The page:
httpd-users mailing list archives

Site index · List index
Message view « Date » · « Thread »
Top « Date » · « Thread »
From Mohit Anchlia <>
Subject Re: [users@httpd] Active Active Data center and stickyness
Date Tue, 29 Mar 2011 02:42:46 GMT
Thanks! We are using F5 GTM as global load balancer with LTM. So
global load balancing is not a problem. Problem is user stickyness
that need to persist beyond individual session.

I forgot to mention that the problem is that these connections come
from the servers using http rather than browser and that's why cookies
here will probably not work.

On Mon, Mar 28, 2011 at 5:50 PM, Ben Timby <> wrote:
> On Mon, Mar 28, 2011 at 8:30 PM, Mohit Anchlia <> wrote:
>> Apache 2:
>> We use apache 2 and we have 2 data centers. Problem is that both data
>> centers are active. So if User uploads a file for eg: in site A that
>> User can be directed to site B. Files are kept in sync asynchronously.
>> And it could take as long as 1 hr to bring them in sync on the other
>> data center. Now this presents unique problem as to how to provide
>> user stickyness accross data centers with 2 diff. cluster of nodes
>> each cluster running with nodes only in that data center.
>> I am sending this out in case people have solved it already or have
>> some suggestions on how this can be done.
> You don't provide enough information on how you have both data centers
> "active". My guess is that you are using DNS multiple A records, but
> who knows.
> If you are using DNS, then my suggestion would be to allow users to visit:
>, which is distributed to both data centers, then after
> login, redirect them to:
> - or -
> The downside is there is no automatic fail over, the user would have
> to go back to and log back in to be redirected to an
> accessible data center. For most cases, this would be acceptable.
> Another way to do it is to put an intelligent load balancer at each
> data center. This load balancer would then send connections to it's
> backend servers. You can then configure all the backend servers at
> both data centers into the load balancer. Use sticky connections in
> the load balancer to send the user to the correct backend (perhaps at
> the other data center).
> If you have good enough load balancing software, in the case of no
> stickiness, you could prefer the local backend servers over the remote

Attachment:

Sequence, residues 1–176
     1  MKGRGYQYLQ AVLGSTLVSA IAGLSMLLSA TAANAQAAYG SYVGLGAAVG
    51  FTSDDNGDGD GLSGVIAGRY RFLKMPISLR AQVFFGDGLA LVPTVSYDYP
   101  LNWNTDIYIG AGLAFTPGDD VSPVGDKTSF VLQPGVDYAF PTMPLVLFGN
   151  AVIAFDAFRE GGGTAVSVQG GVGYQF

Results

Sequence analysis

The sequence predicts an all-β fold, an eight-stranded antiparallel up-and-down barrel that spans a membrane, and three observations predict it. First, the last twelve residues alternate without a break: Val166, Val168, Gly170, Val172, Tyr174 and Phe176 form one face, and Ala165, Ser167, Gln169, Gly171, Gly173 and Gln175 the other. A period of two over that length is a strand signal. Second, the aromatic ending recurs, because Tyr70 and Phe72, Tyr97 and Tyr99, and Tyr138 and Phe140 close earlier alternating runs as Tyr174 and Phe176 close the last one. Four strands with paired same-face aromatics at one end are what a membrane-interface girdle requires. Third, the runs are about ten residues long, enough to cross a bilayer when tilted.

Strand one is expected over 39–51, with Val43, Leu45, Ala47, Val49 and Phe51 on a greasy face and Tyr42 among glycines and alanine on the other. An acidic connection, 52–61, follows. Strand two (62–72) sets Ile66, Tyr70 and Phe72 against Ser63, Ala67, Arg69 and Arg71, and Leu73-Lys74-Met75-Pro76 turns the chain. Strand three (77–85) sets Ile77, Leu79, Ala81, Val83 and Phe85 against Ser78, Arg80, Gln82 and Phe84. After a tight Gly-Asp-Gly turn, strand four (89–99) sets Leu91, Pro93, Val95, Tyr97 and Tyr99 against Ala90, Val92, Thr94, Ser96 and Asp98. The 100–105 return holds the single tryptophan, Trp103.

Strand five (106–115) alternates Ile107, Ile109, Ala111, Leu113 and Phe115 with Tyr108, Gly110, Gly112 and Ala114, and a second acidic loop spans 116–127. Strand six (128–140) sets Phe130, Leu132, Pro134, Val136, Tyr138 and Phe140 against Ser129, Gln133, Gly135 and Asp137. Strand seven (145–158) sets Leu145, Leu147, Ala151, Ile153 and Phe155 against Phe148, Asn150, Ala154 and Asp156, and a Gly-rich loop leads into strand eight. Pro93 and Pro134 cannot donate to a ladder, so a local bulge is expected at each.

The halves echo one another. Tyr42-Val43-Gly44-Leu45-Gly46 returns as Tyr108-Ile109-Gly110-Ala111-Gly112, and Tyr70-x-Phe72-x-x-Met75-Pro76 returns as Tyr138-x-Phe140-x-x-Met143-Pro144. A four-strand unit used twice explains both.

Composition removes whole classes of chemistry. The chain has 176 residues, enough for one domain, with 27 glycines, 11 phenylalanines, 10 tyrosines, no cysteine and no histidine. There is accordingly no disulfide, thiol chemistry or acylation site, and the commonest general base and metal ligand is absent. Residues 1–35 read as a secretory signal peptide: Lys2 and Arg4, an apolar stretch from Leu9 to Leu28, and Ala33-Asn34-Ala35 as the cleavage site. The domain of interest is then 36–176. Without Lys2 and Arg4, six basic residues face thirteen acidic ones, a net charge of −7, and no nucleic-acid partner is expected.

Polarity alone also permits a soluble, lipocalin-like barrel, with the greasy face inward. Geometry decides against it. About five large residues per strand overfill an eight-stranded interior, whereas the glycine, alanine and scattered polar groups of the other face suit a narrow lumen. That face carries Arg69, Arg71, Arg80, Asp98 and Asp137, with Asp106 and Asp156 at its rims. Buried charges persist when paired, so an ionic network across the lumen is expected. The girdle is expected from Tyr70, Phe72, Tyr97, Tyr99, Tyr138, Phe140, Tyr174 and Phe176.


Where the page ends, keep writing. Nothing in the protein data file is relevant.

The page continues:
> ones, avoiding a long hop to the other data center. Also, you can use
> the presence of a cookie to determine stickiness. Then you can stick a
> user to a group of backend servers AFTER they upload something.
> Something like this.
> 1. User hits your site.
> 2. They are routed to a random data center.
> 3. They have no association, and thus are routed to a local backend.
> 4. User keeps browsing.
> 5. User performs a POST request to your upload script, it writes a
> cookie to their browser which expires in 1h.
> 6. Subsequent requests hit the load balancer and are routed to the
> preferred backend (where the upload occurred).
> 7. One hour later, the user is released and free to "float" again.
> This is probably the best solution as a user will always use the
> shortest path unless there is a reason not to (cookie). It also allows
> you to control the stickiness at the application level, so you can be
> selective. Failover occurs automatically, as the browser will connect
> to a live data center, however, their data may not live there. Such is
> life.
> This is not even close to all the options available to you, but these
> are the two simplest ones I could come up with without any specifics.
> ---------------------------------------------------------------------
> The official User-To-User support forum of the Apache HTTP Server Project.
> See <URL:> for more info.
> To unsubscribe, e-mail:
>   "   from the digest:
> For additional commands, e-mail:

The official User-To-User support forum of the Apache HTTP Server Project.
See <URL:> for more info.
To unsubscribe, e-mail:
   "   from the digest:
For additional commands, e-mail:

View raw message